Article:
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Predestination

A film beholden to details best whispered than shouted, but relishing them too much in their meaning than their function.
Predestination

The slippery sinews of time, both greasily escaping one’s grasp yet steadfastly remaining strong, inform Predestination; indeed, with such a moniker, the movie could be about little else than what is meant to be. Brisbane brothers Michael and Peter Spierig trip through temporal boundaries in their third feature after Undead and Daybreakers, as well as exploring personal causality. A man tells a tale to a bartender; a girl grows from an outcast orphan into loneliness and longing; a secret operative charged with changing the past also looks to the future.

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Names are nigh on irrelevant as categorisations aptly describe the players in a quest that becomes a conversation, then circles back again. Regular drinker (Sarah Snook, These Final Hours) relates his account of a life lived in pain to the eager listener (Ethan Hawke, Boyhood), the story sustained with each glass poured. The latter’s attention isn’t a mere trait of his job, however, but an attempt to corral his new pal into assisting with stopping a terrorist known as The Fizzle Bomber. The work of agents charged with trifling with history to ensure the best alternative goes to plan helps illuminate where it is all going. So too, the words chosen to start the man's report: ‘when I was a little girl’.

Indeed, enacting the obvious is the flaw in Predestination’s grand scheme and looping narrative, its game given away too early then laboured too often. Based on Robert A. Heinlein’s short story '"—All You Zombies—"', it remains faithful to the source material with an added dramatic complication presumably to support the feature-length running time, yet overplays its twists and trickery early through pointed framing and unsubtle exposition. The repetition of both that follows suggests the Spierig siblings, who write, direct and produce, assume the opposite, as does the lingering of the final reveal. Alas, even as the film retains significant interest in its arcs of self-destruction and self-acceptance, making its machinations transparent lessens the impact.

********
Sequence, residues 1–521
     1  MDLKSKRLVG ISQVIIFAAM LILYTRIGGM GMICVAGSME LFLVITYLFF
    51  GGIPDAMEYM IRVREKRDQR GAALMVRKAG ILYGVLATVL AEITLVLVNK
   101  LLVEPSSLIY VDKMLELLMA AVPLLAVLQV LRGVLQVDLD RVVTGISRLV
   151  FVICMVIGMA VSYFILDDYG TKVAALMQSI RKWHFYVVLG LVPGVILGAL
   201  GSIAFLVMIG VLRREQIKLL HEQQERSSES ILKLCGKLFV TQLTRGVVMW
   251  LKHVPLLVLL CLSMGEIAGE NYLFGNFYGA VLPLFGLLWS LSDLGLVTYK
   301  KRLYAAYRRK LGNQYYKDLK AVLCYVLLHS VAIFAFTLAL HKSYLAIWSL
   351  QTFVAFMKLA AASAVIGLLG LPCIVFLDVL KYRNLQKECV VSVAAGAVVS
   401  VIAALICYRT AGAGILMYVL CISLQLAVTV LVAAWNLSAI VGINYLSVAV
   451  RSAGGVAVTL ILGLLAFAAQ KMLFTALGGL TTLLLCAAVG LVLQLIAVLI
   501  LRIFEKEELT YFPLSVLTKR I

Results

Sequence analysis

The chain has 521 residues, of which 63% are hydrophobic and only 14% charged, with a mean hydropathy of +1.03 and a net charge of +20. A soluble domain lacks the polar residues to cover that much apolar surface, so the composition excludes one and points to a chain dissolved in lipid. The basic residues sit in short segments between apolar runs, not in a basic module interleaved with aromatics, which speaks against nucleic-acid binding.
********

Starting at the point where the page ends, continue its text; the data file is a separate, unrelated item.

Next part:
As such, the ambitious effort quickly becomes one that hinges on performances over plot – and over characters, too. As fascinating as the concept of shifting through time to shape identity proves, everything is a conceit of fuelling a narrative convinced of its own cleverness. None of the protagonists are given depth beyond their basic function in the story, an oversight all the more disappointing given the gender issues at play. Snook swiftly becomes the shining light in a role that asks for physical and emotional transformation, but her efforts offer the only signs of nuance among the blatantly apparent.

And yet, as a time travel tale with aspirations of genre grandeur in its staging, Predestination finds entertainment and involvement in its striving to convey its content with the right mood and tone. Just as the text itself conjures immediate parallels in its bar chat and journey of self discovery, so does the meticulous manner in which the Spierigs have elaborated and enlivened it on screen, drawing from an abundance of recent sci-fi efforts. The minutiae of how its components look and feel works well; what doesn’t is trying to whip it all into a bigger picture, as well-intentioned as that plan is. A paradox, perhaps, like the many that thrust its contents forward, is the end result of Predestination: a film beholden to details best whispered than shouted, but relishing them too much in their meaning than their function.

Rating: 3 out of 5 stars

Predestination
Director: Michael Spierig and Peter Spierig
Australia, 2014, 97 mins

Melbourne International Film Festival
www.miff.com.au  
31 July – 17 August

Sarah Ward

Friday 1 August, 2014

About the author

Sarah Ward is a freelance film critic, arts and culture writer, and film festival organiser. She is the Australia-based critic for Screen International, a film reviewer and writer for ArtsHub, the weekend editor and a senior writer for Concrete Playground, a writer for the Goethe-Institut Australien’s Kino in Oz, and a contributor to SBS, SBS Movies and Flicks Australia. Her work has been published by the Australian Centre for the Moving Image, Junkee, FilmInk, Birth.Movies.Death, Lumina, Senses of Cinema, Broadsheet, Televised Revolution, Metro Magazine, Screen Education and the World Film Locations book series. She is also the editor of Trespass Magazine, a film and TV critic for ABC radio Brisbane, Gold Coast and Sunshine Coast, and has worked with the Brisbane International Film Festival, Queensland Film Festival, Sydney Underground Film Festival and Melbourne International Film Festival. Follow her on Twitter: @swardplay